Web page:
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Crying for power? Your tears could generate electricity
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The article is about how an enzyme called “lysozyme” – which is present in tears – has piezoelectric properties in its crystallised form. I find the news very interesting as piezoelectric properties in bodily fluids can aid in the development of non-toxic and powered medical devices.
This news is very interesting as piezoelectric properties in bodily fluids can aid in the development of non-toxic and powered medical devices.

Crying for Power? Your Tears Could Generate ElectricityCrying for Power? Your Tears Could Generate Electricity
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What do egg whites and human tears have in common? According to a new study from Ireland, both materials can generate electricity, thanks to an enzyme they contain.
The enzyme, called lysozyme, is also found in saliva and mammalian milk, according to the study, which was published Oct. 2, 2017 in the Journal of Applied Physics.
The enzyme is anti-bacterial; it attacks the cell walls of bacteria, weakening them.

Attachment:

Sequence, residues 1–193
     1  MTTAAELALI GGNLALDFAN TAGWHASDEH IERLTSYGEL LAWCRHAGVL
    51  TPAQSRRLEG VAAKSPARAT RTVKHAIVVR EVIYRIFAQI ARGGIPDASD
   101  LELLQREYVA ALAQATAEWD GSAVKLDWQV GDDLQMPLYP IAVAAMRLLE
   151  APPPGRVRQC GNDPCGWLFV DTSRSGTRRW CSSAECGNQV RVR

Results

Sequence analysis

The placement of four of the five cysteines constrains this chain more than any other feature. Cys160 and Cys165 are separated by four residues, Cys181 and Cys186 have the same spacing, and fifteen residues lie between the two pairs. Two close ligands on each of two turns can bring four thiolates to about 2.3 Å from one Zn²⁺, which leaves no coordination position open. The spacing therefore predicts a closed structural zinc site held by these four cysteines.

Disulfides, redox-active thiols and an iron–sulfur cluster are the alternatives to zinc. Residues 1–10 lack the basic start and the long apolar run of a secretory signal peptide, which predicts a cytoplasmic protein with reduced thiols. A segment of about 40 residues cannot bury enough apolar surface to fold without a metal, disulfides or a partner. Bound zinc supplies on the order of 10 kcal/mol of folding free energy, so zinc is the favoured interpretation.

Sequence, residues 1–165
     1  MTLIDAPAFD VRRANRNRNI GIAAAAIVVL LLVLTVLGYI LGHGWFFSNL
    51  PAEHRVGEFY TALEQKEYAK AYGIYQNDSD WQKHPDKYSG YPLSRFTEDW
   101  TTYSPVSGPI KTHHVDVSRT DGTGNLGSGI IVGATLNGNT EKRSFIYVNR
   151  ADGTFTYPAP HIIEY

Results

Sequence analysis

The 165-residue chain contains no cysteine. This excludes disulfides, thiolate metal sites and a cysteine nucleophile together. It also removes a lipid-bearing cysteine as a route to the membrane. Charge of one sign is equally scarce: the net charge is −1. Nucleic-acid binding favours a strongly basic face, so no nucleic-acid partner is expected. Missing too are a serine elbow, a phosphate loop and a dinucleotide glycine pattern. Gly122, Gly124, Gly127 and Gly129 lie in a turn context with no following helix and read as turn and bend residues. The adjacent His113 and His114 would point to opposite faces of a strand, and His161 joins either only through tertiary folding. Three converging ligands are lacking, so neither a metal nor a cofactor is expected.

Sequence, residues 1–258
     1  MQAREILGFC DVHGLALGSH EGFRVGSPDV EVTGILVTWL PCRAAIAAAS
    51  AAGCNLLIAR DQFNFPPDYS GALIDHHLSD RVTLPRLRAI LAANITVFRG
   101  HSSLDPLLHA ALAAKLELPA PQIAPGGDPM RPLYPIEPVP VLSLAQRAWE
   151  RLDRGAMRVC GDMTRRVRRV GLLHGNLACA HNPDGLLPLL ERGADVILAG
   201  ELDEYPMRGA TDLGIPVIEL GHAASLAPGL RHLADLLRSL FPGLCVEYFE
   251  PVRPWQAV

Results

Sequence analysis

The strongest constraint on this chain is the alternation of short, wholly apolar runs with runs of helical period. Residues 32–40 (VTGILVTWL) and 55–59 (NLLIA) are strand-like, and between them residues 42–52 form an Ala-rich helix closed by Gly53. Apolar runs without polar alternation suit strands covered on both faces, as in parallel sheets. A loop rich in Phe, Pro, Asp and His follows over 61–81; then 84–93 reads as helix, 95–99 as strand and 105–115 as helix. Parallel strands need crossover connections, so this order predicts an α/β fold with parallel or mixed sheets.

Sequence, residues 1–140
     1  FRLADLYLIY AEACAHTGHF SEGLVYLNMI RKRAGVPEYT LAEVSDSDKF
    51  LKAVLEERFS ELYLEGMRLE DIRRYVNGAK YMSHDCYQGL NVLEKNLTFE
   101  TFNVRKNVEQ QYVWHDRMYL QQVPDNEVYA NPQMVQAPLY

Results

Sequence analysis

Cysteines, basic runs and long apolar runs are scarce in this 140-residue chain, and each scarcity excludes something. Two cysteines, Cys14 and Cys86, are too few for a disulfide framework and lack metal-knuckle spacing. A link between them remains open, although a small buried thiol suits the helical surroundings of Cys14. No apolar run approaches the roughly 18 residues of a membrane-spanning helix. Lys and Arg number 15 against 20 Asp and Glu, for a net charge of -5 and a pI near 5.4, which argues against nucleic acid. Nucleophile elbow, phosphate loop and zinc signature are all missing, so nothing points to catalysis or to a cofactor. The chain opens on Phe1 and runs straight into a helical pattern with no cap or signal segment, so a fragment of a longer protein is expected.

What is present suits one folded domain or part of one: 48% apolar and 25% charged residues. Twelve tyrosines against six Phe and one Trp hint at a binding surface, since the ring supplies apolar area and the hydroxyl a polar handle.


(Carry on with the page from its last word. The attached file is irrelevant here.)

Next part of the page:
When lysozyme is in a crystalized form, it also appears to have a property called piezoelectricity, meaning the enzyme can convert mechanical energy (when pressure is applied to it) into electrical energy, the researchers wrote.

Though the name may sound foreign, "piezoelectricity is used all around us," lead study author Aimee Stapleton, a postgraduate fellow studying physics at the University of Limerick in Ireland, said in statement.
For example, piezoelectric materials such as quartz crystals are used in mobile phones (as the vibrating component) and deep-ocean sonar, according to the statement.

Indeed, materials such as bone, wood, tendors and proteins (including collagen and keratin) have piezoelectric properties, according to the study.
But "the capacity to generate electricity from this particular protein [lysozyme] has not been explored," Stapleton said.
To study the piezoelectric properties of lysozymes, the scientists applied a crystalized form of the enzyme to films. Researchers then applied mechanical force to these films and recorded the amount of electricity generated.
The scientists found that lysozyme could generate electricity just as well as quartz could. But lysozyme is a biological material, so it could have medical applications. Lysozymes are "nontoxic, so [they] could have many innovative applications, such as electroactive, anti-microbial coatings for medical implants," Stapleton said.

The researchers think that, in the future, lysozymes could be used to power biomedical devices that are used in people's bodies, the scientists wrote in the study. The enzymes could also be used to power and control the release of drugs in the body, the study said.

More research is needed, however, before the enzyme can be used for these purposes, the researchers said.

Originally published on Live Science.

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